The Duke and Duchess of Cambridge have praised the selfless dedication of frontline NHS staff during a visit to Croydon.

William also urged the public to heed expert advice on social isolation as he described the health service and its workers as the "very best of our country and society".

He spoke after the couple visited an NHS 111 call centre in Croydon, the first engagement the royal family has publicly undertaken out and about in connection with the pandemic.

The unannounced visit took place on Thursday, but was kept secret so as to not put any additional pressure on the centre, avoid crowds gathering and not clash with the Queen's statement to the nation in which she urged the country to "work as one".

Afterwards, William said: "The last few weeks, and more recent days, have been understandably concerning with the continuing spread of coronavirus.

"But it's at times like this when we realise just how much the NHS represents the very best of our country and society - people from all backgrounds and walks of life with different experiences and skills, pulling together for the common good.

"Not only are NHS staff and emergency workers responding to the needs of the public, they - like the rest of us - are concerned about their families, friends and loved ones. They need our support as much as we need theirs.

"That is why Catherine and I were proud to visit staff working at NHS 111, to pass on our personal thanks, along with those of my grandmother and father, to staff working around the clock to provide care and advice to those that need it most. It was also brilliant to see the great online tools for those with mild symptoms or worries."

He added: "All of us have a part to play if we're going to protect the most vulnerable. That means acting on the latest expert advice, staying home if we or those we live with have symptoms, and avoiding non-essential contact to help reduce the spread of the virus."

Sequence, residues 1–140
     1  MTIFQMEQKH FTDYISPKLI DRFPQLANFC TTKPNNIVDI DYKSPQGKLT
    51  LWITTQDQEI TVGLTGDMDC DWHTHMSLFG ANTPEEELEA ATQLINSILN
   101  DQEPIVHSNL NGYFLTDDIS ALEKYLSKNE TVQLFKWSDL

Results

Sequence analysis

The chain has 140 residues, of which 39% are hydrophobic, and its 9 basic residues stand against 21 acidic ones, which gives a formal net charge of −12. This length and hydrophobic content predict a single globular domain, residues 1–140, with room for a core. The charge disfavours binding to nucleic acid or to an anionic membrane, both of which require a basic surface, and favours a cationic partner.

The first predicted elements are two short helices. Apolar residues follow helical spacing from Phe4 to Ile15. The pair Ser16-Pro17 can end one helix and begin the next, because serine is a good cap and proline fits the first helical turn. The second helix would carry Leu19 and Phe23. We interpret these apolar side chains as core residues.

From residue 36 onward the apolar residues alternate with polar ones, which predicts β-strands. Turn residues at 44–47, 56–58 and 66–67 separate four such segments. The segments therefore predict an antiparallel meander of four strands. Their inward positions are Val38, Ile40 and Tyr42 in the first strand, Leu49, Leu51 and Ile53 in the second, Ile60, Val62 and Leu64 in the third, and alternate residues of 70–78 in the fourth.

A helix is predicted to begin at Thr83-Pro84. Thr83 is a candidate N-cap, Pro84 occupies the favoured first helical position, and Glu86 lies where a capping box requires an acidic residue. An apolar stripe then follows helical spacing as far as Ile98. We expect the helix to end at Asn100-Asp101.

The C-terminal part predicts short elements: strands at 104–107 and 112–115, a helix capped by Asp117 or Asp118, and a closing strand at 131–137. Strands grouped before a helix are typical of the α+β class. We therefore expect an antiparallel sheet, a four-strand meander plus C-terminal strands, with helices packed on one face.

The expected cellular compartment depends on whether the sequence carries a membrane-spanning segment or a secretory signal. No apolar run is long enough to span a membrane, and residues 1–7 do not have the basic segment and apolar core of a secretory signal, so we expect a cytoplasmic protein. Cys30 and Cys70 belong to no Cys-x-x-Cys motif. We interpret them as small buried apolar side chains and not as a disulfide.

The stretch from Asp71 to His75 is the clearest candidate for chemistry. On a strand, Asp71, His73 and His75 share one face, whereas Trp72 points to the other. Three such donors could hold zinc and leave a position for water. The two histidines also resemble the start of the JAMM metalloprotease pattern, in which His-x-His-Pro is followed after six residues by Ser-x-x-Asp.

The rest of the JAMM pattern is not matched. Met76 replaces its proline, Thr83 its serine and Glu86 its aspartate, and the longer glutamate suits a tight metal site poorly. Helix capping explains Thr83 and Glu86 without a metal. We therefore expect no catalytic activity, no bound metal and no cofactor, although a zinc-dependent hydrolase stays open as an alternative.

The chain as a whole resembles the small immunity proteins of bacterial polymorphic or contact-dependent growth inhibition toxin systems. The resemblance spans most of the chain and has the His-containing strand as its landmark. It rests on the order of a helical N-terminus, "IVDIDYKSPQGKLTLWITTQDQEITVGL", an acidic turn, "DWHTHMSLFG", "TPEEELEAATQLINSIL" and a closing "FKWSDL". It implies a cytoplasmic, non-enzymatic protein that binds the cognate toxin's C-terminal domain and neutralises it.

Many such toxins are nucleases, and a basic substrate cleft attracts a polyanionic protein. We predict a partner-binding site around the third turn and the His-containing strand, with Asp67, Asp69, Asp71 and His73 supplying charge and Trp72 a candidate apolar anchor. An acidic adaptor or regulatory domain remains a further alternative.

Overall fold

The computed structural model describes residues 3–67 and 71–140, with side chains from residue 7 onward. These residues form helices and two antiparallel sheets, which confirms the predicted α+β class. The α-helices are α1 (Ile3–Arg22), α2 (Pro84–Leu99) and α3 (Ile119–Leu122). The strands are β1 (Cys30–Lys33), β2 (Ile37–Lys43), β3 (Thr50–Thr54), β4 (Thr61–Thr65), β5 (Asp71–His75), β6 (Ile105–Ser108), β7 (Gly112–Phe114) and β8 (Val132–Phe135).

During the visit Kate told the first call handler she spoke to: "It's amazing. You're doing such a great job bringing everyone together and providing that, the support system, for the whole public."

William added: "There's a lot of people out there who want to help. A lot of work is closing down elsewhere so people are going to want to come and volunteer, people want to help, people want to be there to support you guys, and everyone knows what a fantastic job you guys are doing."

The couple heard that the number of calls from the public had quadrupled since the crisis began and that the 999 service had just had the busiest three days in its history.

The visit saw the couple adhering to the latest protocols about dealing with the disease, with no handshakes, frequent hand-sanitising and a conscious effort to socially distance themselves from people.

Garrett Emmerson, the chief executive of the London Ambulance Service, said the duke suggested that royal visits might change as the virus progresses through the population.

Mr Emmerson said: "We are all learning new ways of behaving socially as a result of this, and indeed new ways of working. We were talking with the duke about potential future visits if we are in further stages of social distancing - we may be doing remote conferencing for events like this."

While the couple sanitised their hands twice during the visit, one member of staff forgot the new rules when she asked William and Kate for a photograph and without thinking reached out to shake their hands.

"Don't shake hands!" William remonstrated with a laugh as he brought down his other hand to cut her off.